I forgot the Oscar nominees were even being announced, that’s how little interest I have this year. Our interest in watching the Awards has dwindled to almost near zero the last few years anyway, but this is surely the last straw. And I was a MAJOR FAN for decades. I remember begging my mother to let me stay up to see the Awards back around the time that BEN HUR swept the awards, when (as Norma Desmond said), “It’s the pictures that got small.”

My wife and I used to make lists of the nominees in ALL the categories. She had a pool going in her school (and won more than once by her uncanny ability to guess the winners in categories that no one knew, like Short Subject). But those days are long gone (sigh).

As for the Grammys, the last year I can remember watching was when Santana swept the board with “Supernatural.” I could not possibly name half the people nominated now, let alone recognize their music (sic), so Get Off My Lawn!

This year will definitely be an odd one, especially because everything in awards season got pushed back a couple months, and I think a lot of people feel like we basically skipped it and there’s little point getting excited now.

Also I agree that this past year was lacking in “big” movies (not only blockbusters but buzzy awards-baiting fare), and I think that people’s movie-watching habits being completely disrupted might have something to do with our perception of that (I know it does for me). There’s less urgency in checking out a supposedly top-caliber film when it’s tossed onto streaming vs. the ritual of making a theater trip out of it.

I’m still looking forward to checking out a lot of these eventually, though.

I’m happy that JD Vance’s book-turned-movie gets some Oscar noms in a year when the Oscars are probably going to be a weird socially distanced underwatched pandemic thing so he’ll miss out on most of the parties and glamour.

Until you mentioned Chadwich Boseman, I couldn’t think of a movie that came out in 2020. Still can’t.

OK, Bill & Ted. Give that flick an oscar and we’ll call it a year.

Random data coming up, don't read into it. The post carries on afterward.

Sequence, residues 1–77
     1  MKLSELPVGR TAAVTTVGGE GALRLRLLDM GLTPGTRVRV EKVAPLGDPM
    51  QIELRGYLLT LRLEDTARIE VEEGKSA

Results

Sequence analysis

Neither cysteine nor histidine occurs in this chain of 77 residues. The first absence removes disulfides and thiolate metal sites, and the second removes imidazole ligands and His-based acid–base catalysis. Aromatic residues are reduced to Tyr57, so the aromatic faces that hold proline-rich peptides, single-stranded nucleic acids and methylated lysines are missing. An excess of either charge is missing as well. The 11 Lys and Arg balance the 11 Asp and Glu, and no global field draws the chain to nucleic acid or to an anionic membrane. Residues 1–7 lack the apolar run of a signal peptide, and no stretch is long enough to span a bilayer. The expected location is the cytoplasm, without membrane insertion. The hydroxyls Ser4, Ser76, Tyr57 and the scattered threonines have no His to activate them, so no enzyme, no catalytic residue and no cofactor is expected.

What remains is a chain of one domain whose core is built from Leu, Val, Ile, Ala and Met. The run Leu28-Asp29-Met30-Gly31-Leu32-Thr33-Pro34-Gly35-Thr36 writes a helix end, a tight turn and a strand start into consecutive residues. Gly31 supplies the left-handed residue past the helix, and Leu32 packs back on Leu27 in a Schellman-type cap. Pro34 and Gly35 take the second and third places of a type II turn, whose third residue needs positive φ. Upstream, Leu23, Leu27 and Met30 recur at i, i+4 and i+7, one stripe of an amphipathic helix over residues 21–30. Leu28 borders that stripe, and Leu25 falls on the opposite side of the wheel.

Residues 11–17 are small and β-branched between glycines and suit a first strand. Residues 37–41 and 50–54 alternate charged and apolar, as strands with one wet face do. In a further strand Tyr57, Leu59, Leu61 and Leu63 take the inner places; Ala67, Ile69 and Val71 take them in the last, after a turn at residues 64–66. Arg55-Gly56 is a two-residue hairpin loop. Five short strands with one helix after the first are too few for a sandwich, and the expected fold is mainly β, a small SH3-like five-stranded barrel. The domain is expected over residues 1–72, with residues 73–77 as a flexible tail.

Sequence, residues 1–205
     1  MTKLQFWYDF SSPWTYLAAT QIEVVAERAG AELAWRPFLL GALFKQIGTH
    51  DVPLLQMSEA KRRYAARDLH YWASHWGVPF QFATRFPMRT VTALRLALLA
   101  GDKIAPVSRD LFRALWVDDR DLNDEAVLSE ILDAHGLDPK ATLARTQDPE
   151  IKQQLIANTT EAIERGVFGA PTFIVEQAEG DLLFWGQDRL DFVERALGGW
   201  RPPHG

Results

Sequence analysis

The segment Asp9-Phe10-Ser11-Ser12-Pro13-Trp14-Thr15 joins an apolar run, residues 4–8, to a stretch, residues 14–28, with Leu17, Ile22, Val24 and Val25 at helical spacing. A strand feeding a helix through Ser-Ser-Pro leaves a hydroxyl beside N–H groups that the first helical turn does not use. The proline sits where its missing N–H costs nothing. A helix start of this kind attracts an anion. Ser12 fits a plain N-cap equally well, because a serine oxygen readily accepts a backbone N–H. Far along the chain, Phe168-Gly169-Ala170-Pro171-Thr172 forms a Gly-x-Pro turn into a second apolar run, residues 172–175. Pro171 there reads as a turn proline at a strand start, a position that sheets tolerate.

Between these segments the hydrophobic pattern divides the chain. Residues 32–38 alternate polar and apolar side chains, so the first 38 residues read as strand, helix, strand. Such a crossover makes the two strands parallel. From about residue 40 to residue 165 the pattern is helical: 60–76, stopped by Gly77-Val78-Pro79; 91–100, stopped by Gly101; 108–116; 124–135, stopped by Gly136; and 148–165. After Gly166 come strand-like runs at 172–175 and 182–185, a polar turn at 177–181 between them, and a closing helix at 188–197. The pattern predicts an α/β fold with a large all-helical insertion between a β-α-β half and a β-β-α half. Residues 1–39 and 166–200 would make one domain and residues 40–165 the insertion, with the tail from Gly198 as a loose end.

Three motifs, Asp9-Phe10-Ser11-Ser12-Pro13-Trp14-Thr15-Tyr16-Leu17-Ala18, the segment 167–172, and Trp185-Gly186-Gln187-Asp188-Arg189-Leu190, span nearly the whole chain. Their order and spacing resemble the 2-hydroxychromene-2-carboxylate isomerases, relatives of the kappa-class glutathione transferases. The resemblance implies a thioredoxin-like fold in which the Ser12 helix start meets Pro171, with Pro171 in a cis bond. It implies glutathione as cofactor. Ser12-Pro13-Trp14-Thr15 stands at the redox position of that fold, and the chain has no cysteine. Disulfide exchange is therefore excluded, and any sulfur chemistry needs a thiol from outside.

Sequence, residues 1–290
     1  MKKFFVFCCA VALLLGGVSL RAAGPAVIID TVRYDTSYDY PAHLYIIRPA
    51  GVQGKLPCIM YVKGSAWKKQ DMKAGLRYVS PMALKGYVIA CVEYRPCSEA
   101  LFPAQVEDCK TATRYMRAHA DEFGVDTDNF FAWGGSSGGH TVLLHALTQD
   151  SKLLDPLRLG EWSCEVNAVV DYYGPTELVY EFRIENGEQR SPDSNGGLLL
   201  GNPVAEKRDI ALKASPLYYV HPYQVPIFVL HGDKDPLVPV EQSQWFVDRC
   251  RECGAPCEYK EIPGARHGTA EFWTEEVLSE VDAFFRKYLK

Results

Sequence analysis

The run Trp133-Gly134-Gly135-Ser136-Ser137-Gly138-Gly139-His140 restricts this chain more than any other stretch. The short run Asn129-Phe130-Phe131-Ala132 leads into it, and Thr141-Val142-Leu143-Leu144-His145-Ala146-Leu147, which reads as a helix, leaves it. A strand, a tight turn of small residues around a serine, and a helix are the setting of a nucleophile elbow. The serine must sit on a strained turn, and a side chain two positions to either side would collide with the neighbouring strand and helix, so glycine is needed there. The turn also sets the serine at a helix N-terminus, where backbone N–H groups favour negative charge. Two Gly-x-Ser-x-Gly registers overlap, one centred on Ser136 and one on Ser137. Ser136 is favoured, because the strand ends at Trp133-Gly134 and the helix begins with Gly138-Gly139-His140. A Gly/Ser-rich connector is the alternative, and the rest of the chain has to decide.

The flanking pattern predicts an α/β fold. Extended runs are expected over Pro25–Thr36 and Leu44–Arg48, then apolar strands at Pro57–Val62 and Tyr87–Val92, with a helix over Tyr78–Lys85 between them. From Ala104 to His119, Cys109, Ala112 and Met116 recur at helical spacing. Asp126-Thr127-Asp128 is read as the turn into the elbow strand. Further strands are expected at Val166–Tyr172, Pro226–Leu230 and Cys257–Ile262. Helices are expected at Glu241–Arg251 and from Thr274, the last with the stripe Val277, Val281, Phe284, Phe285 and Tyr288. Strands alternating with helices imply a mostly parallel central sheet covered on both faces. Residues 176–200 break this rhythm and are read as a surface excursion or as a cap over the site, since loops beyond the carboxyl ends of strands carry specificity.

It’s nice to see some more diversity in the Best Director category, and it will be interesting to see if that keeps up when the “big” movies start coming out, as this year’s slate is very indie/indie adjacent.

Yeah, 2020 was a weird year for the movies. If the main message of the Oscar ceremony is that “the movies matter,” then that message is facing a lot of resistance. Usually I’m a fairly frequent theatergoer, but this is the first time in decades – like, at least the early 1990’s – that I haven’t seen a single feature film nominated in any of the categories at all.

Mostly this was because I watched almost no new movies, even on streaming, due to a combination of chronic distractability, tenuous work/life boundaries, and more difficulty than usual watching bad things happen to good characters, especially when due to the characters’ own poor choices. (When I recently rewatched Zootopia, it took at least half an hour to get through the press conference scene because I would watch 5-20 seconds worth then pause for several minutes to calm back down.) It was a lot easier to watch streaming TV, especially in the quarter-to-half-hour lengths for many animated TV shows.

I’m sure I’ll watch a fair number of Oscar contenders – usually at a minimum I try to see as many nominees as possible for best picture, director, screenplays and animated feature – but whether I’ll develop a rooting interest in any of them is an open question. I do hope to go back to theaters when it’s safe to do so – and intend to patronize the local drive-in as often as possible when they’re showing something good.